The Narrative Method in Fielding’s Tom Jones

A reader cannot but be lost in the wilderness of characters and incidents that made up the epic novel, Tom Jones of Henry Fielding universally praised to be one of the masters of novels in English literature. He has presented life in its minutest details as he has observed without any presumptions. Tom Jones is the most outstanding achievement of Fielding so far as its construction of plot is concerned. Because of his almost faultless construction, the great critic Coleridge has considered it to be one of the three most perfect plots ever planned, the other two being the Oedipus Rex and The Alchemist.

There are a lot of episodes in the novel yet they do not impair the interest of the story in any considerable way. Rather, according to many critics, the wealth of incidents contribute to the exposition of the theme and characters. Thackeray declared that there was not an incident even so trifling, but advanced the story, grew out of former incidents, and was connected with the whole.

Most of the critics do not, like Thackeray, find fault with the too many digressions and episodes of the novel because they have become the parts of an integrated whole. Fielding has offered like Bernard Shaw, an elaborate interpretation of incidents in the form of introductory chapters and personal comments. These chapters or the comments in the course of narrative itself in one sense, assist the readers to understand the problems. As for the introductory chapters, Fielding himself looked upon these ‘initial essays’ as an indispensable part of his scheme. He confesses that these introductory chapters have given him the greatest pains in composing as compared with other parts of the work. The other motive of writing these ‘essays’ is to secure him against imitation by inferior writers. Each introductory chapter is not directly connected with the main theme and often deals with a different literary subject and so each is in the nature of an essay. Perhaps Fielding was influenced by the periodical essays which were very much popular in the eighteenth century England.

For example, the opening chapter tells us about the scope of the work defining it as Human Nature seen both in the country and in the town. He compares the subject matter to a bill of fare or a feast of eatables and he says;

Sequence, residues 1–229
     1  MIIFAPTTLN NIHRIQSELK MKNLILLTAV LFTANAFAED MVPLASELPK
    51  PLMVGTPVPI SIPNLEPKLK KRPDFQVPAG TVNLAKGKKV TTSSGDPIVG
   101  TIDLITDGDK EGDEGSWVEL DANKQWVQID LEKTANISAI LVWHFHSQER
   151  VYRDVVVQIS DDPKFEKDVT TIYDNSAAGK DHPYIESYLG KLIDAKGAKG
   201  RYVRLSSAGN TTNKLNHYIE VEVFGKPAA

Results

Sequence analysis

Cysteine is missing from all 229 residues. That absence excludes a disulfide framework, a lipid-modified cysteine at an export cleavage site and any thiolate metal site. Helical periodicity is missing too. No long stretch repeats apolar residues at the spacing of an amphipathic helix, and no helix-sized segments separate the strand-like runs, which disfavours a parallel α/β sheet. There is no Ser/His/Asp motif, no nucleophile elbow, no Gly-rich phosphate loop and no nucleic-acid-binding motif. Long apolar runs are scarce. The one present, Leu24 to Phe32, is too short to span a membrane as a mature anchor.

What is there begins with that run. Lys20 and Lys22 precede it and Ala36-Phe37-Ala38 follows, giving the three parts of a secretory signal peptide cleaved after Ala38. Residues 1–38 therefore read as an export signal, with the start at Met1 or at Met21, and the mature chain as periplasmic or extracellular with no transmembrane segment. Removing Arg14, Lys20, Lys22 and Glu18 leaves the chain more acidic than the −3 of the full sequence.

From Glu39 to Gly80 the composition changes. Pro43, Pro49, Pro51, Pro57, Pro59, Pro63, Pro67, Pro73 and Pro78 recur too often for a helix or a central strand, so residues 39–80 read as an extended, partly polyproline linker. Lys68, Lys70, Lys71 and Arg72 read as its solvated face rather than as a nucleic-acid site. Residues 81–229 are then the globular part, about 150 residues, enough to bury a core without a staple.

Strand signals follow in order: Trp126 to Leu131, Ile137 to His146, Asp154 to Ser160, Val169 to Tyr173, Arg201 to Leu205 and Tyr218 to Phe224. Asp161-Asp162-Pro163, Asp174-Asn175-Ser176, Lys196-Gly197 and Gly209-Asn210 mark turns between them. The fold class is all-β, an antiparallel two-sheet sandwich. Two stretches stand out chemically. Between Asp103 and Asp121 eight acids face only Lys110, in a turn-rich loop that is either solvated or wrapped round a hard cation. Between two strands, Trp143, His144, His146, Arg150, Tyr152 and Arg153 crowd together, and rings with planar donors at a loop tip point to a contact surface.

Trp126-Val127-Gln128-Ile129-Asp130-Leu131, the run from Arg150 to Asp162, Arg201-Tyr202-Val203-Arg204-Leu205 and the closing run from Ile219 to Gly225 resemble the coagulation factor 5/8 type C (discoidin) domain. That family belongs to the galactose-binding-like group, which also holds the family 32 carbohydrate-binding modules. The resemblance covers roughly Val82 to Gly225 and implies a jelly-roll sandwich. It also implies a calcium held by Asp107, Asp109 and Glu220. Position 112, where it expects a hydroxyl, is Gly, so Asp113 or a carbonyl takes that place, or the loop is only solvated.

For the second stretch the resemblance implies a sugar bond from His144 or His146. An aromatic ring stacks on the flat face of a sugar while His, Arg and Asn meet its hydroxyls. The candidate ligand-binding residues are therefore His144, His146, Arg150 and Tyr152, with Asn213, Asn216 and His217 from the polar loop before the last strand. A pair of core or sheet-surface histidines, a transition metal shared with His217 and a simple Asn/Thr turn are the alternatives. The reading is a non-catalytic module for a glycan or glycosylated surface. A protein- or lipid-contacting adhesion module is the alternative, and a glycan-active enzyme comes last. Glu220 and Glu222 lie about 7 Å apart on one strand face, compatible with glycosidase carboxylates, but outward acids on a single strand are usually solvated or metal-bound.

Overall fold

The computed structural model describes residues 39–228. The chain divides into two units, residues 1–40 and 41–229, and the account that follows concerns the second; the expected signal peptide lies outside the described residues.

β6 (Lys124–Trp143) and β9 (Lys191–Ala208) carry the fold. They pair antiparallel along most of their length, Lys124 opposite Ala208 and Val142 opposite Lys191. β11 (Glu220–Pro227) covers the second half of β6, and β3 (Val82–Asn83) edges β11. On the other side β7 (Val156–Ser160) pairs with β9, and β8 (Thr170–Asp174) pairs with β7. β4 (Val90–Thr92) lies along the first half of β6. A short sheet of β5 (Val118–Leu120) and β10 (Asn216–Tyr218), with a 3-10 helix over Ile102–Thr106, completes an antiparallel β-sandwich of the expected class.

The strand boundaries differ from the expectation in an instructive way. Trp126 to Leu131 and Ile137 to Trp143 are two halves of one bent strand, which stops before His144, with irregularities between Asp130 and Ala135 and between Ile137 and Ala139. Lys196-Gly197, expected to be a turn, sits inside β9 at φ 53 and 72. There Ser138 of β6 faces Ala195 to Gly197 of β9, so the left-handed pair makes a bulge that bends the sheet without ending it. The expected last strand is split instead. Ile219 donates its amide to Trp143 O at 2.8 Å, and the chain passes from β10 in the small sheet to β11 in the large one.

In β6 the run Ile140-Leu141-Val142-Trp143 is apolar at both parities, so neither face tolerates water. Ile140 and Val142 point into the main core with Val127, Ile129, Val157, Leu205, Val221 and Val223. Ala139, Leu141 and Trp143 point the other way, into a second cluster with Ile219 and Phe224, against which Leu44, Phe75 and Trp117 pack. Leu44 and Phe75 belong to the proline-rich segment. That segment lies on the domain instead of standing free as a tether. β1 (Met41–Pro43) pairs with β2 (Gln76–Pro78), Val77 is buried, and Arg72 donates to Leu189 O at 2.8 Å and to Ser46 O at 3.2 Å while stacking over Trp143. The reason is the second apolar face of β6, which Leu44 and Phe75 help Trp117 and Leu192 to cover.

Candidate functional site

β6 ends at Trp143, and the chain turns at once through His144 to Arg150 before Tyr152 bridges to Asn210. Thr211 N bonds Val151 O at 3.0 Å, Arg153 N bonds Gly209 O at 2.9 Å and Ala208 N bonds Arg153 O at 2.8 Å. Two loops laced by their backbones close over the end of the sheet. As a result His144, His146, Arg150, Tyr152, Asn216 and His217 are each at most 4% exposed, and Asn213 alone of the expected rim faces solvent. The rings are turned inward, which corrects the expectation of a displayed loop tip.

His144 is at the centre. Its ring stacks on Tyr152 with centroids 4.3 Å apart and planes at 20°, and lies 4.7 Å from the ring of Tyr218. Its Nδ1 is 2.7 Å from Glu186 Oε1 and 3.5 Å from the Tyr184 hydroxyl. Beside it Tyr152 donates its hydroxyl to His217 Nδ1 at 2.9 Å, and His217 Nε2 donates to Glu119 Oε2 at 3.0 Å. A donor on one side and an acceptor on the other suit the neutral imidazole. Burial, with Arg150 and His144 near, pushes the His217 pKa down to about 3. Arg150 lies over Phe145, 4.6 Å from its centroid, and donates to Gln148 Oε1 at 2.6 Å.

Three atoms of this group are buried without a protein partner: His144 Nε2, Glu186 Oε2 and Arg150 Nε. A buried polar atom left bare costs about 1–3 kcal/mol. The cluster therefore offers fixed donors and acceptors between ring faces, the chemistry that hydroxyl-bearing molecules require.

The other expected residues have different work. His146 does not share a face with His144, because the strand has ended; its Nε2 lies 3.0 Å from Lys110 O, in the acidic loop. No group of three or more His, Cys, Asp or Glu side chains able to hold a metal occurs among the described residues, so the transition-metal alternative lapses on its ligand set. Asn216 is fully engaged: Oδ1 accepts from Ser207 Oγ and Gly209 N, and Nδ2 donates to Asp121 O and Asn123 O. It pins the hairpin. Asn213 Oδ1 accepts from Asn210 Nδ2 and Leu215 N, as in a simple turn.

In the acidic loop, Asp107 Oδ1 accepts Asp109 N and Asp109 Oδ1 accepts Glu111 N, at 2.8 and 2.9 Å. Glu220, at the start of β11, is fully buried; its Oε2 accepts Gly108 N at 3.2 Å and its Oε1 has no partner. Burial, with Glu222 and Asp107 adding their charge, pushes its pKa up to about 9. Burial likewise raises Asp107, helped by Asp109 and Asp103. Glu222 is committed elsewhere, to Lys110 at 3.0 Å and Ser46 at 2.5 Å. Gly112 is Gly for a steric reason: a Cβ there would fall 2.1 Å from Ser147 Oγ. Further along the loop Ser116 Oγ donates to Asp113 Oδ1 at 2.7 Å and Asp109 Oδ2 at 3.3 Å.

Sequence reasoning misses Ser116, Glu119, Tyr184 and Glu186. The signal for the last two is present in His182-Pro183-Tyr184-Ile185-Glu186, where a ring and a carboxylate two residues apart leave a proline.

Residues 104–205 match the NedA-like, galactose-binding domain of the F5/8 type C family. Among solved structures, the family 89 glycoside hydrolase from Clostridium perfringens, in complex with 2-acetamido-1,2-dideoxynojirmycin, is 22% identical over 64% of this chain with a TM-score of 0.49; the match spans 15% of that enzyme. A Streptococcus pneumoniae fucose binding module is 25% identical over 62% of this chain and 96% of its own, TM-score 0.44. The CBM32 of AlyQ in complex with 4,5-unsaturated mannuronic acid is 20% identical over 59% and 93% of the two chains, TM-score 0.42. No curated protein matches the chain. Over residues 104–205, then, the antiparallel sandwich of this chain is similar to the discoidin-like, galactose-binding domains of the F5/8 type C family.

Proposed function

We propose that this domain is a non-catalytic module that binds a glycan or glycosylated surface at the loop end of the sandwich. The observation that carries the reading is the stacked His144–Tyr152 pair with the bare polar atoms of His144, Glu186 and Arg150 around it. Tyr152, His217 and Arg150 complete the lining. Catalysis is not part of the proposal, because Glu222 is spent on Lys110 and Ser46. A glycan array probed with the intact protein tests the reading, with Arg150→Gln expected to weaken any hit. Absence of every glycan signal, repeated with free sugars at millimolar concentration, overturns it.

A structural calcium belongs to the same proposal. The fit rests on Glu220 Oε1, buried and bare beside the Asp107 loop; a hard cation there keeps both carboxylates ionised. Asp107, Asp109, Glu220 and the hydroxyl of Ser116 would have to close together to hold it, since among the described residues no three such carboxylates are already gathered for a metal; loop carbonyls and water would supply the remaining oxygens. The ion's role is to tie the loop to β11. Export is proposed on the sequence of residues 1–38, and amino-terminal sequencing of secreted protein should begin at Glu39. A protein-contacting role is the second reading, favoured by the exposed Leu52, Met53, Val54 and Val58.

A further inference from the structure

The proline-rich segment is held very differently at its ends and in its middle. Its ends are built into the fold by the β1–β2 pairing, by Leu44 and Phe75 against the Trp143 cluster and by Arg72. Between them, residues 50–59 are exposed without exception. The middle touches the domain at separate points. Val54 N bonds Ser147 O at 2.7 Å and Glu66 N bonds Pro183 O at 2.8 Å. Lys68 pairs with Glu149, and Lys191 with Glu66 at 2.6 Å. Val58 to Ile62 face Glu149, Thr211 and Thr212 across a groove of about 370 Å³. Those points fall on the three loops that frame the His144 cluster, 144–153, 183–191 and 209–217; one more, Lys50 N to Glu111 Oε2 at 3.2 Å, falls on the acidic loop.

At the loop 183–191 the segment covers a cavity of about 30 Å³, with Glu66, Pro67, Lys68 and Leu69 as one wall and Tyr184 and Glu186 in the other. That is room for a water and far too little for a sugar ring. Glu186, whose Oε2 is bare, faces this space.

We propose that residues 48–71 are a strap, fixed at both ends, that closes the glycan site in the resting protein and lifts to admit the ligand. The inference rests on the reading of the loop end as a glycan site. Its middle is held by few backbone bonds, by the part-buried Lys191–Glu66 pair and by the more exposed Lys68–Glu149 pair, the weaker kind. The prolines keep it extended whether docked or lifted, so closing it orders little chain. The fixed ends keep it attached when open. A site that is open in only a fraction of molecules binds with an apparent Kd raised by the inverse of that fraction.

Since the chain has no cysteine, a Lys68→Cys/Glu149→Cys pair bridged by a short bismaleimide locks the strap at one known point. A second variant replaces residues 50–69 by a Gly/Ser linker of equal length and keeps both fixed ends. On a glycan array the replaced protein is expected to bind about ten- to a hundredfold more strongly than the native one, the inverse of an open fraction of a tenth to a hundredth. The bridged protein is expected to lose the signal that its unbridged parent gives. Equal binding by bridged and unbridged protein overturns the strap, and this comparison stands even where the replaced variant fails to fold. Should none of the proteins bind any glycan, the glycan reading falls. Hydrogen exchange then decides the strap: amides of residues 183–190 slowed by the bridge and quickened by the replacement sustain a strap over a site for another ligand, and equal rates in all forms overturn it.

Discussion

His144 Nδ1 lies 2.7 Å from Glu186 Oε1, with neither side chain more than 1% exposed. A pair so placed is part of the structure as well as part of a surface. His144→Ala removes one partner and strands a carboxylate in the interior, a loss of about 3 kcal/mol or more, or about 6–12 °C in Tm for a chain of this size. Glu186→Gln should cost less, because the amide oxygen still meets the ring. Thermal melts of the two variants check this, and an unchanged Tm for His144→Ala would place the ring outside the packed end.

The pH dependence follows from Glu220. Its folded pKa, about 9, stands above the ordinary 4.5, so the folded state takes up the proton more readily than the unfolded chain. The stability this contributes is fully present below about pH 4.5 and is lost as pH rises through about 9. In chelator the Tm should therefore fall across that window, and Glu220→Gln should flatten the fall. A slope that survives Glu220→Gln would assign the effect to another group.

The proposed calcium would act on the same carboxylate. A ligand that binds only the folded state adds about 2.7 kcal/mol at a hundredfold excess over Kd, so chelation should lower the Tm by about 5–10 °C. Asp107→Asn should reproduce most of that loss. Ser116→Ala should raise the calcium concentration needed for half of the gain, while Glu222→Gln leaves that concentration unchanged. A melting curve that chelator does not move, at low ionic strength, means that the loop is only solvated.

‘The provision then which we have here made is no other than Human Nature’.

He goes onto say that human nature is such a subject which no author can exhaust. Thereafter the author treats of his approach to prose fiction. (By doing so, he claims to be the founder of a new province of writing in which he has the legitimate right to make laws according to his pleasure. Perhaps he was aware of his deviation from his predecessors and to provide a justification he said so.) He informs us of the manner of his characterization. Upon the actual experience, he holds his characters are based. These essays in the forms of chapters show much wisdom and wit. No reader would wish them to disappear because of their moving qualities. The shorter essays are scattered throughout the narrative. These essays too are rich in ideas. (Bernard Shaw in the twentieth century has added these types of long prefatory essays to his dramas explaining his novel and principles on life. This is why a critic has remarked that Shaw was a playwright with the instincts of a novelist while Fielding was a novelist with the instincts of a novelist creating successful novels only by means of authorial intervention at each important turn of a plot.)



Another significant method of Fielding writing is his casual remark or comment on the characters, on the happenings, on human nature in general, etc. Some of these comments are very short and as such, they do not interfere with the readers enjoying the novel but those comments that acquire much space and time certainly detract the attention of the reader. In one such comment, Fielding dwells upon human curiosity. Very correctly he describes the barber’s shop as a place of gossiping and exchanging information, the women do the same thing at a Chandler’s. In one such comment, he describes true wisdom; at another, he compares good writers with ingenious travelers. (The list of such comments can be extended further but these comments are like rubies scattered here and there in the pages of the novel. Since these comments are informative, enlightening and instructive, they seldom bore the reader.)

There are many digressions in the novel, whatever the critics say, these digressions cannot be the integral parts of the main narrative. (Even they are loosely connected with the plot. One such digression is the description of the man of the Hill whom Tom met while he was on his journey to London. Scott has objected to the inclusion of this episode occupying seven chapters in the novel this is a tale within a tale.)

In spite of having these minor faults, Tom Jones remains to be a gripping narrative with all its episodes and digressions. Because it has the rapidly of movement, suspense, dramatic situations and surprised, humor and pathos- the qualities that make a novel successful and popular.



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